Hospitals may not be ready for major disaster

Part of problem is funding to train staff

Even though national initiatives to improve bioterrorism, epidemic, and natural disaster preparedness have strengthened communities' overall public health readiness, hospitals' ability to handle sudden surges of patients during a mass emergency remains a concern, particularly due to shortage of funds to train staff, according to a study by the Center for Studying Health System Change (HSC).

The researchers present their findings in the July/August edition of the journal Health Affairs (

"Hospitals, and to a lesser extent other health care providers, have improved their ability to respond to public health threats, but observers are not confident of their ability to handle large-scale emergencies," the author write. Some hospitals report "funding wasn't sufficient to make adequate investments, particularly for improving information systems and training staff.

"Several hospitals reported that finding time and money to train staff was an ongoing concern, particularly given staff turnover."

Another unfunded mandate?

Studies identifying critical and vulnerable institutions in the event of a major catastrophic event never fail to mention hospitals. The recently released National Strategy for Pandemic Influenza strategy report, prepared by the Department of Homeland Security, states that hospitals and health care personnel are at high risk due to exposure in the event of an influenza epidemic. The plan and calls on all employers, both public and private, to take steps now to protect continuity of operations and employees in the event of a pandemic — a tall order when your place of business is where all the sick people go, and not easily done without substantial training and preparation.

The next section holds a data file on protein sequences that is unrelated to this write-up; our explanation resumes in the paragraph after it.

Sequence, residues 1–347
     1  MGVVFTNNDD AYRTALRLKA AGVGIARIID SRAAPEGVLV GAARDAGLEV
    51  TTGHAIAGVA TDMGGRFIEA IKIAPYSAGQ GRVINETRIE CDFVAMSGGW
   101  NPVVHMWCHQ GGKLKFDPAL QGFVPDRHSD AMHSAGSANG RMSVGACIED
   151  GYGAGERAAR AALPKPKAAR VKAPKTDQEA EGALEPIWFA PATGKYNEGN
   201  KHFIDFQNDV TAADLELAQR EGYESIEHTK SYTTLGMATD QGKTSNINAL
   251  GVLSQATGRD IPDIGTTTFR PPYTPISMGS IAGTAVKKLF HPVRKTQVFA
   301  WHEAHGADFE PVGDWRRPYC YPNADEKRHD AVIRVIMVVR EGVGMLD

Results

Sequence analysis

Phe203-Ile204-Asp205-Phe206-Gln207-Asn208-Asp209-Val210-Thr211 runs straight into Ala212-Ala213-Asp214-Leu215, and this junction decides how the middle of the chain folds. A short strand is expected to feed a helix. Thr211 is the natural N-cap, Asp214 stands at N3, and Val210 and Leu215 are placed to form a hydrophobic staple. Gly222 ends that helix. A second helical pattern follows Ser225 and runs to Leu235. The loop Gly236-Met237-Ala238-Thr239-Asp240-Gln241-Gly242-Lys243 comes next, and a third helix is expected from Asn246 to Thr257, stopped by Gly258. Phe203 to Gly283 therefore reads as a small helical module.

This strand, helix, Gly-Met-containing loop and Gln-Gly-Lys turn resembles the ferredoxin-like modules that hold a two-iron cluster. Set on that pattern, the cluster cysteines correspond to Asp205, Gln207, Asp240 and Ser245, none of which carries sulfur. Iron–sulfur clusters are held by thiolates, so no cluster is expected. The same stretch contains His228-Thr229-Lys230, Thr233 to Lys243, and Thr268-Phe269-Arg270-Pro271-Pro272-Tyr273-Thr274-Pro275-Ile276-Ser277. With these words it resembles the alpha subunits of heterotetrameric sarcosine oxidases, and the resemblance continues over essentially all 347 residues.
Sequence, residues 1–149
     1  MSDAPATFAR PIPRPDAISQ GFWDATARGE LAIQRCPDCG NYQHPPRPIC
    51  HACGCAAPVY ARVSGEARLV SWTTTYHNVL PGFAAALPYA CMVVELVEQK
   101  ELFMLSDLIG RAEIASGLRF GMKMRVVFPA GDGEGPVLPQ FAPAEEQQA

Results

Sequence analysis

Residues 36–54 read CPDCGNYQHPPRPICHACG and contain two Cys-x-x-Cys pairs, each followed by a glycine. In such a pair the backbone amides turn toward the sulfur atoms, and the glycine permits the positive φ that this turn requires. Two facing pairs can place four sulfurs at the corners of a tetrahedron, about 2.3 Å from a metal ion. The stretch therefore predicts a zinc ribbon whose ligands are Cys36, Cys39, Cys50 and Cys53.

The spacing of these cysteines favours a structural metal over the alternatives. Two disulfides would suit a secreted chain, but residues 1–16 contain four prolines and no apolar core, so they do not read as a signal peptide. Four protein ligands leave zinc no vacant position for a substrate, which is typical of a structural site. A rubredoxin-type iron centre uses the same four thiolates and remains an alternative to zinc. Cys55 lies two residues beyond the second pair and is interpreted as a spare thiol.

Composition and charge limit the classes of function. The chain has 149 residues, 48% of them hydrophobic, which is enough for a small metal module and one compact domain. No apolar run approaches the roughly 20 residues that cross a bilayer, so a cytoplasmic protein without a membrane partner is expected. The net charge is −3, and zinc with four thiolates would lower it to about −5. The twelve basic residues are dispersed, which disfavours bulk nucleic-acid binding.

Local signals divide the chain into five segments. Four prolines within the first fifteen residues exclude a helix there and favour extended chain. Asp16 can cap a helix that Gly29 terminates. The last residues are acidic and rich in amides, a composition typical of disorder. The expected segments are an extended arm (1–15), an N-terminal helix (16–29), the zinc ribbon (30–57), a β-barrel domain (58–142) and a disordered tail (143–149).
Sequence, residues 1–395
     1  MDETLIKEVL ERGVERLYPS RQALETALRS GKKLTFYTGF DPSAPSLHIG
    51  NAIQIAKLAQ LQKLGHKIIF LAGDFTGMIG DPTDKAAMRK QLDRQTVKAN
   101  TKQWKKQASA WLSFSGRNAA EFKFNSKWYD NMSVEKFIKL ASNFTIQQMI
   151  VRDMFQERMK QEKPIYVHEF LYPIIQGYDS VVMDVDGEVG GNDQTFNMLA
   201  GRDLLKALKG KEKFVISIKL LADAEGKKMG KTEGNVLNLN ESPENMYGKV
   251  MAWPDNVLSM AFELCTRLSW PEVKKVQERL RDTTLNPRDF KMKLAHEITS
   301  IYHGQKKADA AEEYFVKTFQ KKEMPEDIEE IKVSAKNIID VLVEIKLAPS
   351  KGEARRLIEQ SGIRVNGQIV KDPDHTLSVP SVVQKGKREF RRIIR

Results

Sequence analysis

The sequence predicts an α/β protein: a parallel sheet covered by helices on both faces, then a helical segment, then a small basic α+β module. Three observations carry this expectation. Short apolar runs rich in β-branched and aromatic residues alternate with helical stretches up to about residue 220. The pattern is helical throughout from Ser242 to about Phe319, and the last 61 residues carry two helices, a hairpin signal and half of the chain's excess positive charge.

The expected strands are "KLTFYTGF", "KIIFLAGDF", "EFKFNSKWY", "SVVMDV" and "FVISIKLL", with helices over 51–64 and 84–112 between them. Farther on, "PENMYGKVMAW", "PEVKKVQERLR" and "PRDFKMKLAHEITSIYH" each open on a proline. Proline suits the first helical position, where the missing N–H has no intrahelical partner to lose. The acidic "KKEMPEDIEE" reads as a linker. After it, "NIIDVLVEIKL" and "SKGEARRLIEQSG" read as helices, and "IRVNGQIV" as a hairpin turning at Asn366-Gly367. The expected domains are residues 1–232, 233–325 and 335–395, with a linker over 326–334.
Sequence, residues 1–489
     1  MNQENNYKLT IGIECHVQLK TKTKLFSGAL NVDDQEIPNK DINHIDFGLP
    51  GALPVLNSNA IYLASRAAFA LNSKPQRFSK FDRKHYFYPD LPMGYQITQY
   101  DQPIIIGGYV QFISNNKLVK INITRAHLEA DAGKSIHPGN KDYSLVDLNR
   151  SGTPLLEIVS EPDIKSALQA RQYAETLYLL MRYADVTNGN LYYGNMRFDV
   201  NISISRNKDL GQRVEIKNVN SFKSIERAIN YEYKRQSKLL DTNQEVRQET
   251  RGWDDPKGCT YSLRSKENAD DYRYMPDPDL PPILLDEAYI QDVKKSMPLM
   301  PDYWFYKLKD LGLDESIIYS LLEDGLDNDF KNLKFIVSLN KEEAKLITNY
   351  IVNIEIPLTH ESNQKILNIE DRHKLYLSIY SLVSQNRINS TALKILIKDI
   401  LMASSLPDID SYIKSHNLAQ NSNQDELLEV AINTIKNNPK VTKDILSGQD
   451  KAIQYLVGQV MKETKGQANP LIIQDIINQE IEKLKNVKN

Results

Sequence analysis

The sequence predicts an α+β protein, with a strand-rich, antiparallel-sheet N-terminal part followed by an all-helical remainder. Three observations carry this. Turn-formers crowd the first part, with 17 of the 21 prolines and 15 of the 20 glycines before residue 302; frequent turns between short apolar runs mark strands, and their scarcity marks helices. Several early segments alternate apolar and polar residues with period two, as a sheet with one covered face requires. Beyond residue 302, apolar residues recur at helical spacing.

"The implementation of transmission interventions to protect personnel with such responsibilities is crucial," the federal plan report states, "And organizations can additionally reduce risk by dedicating specific space and personnel for the care of patients with influenza and reducing or eliminating the connectivity of such areas and providers with the rest of the organization."

Training and drilling staff on transmission interventions takes money and space, both of which are in short supply in some places, the Health Affairs authors report.

"The recent federal funding has helped communities enhance public health capacity, but communities are worried that they won't be able to sustain public health improvements made since 2001 if funding continues to decline," says Andrea B. Staiti, an HSC health research analyst and co-author of the study. "Hospital officials also face a daunting array of possible threats, from chemical to nuclear to biological, which are challenging even to the best of planners. The predicament was voiced by one emergency department director, who wondered, 'How much do you really prepare for the unknown? How many victims do you plan for?' No one can really tell us."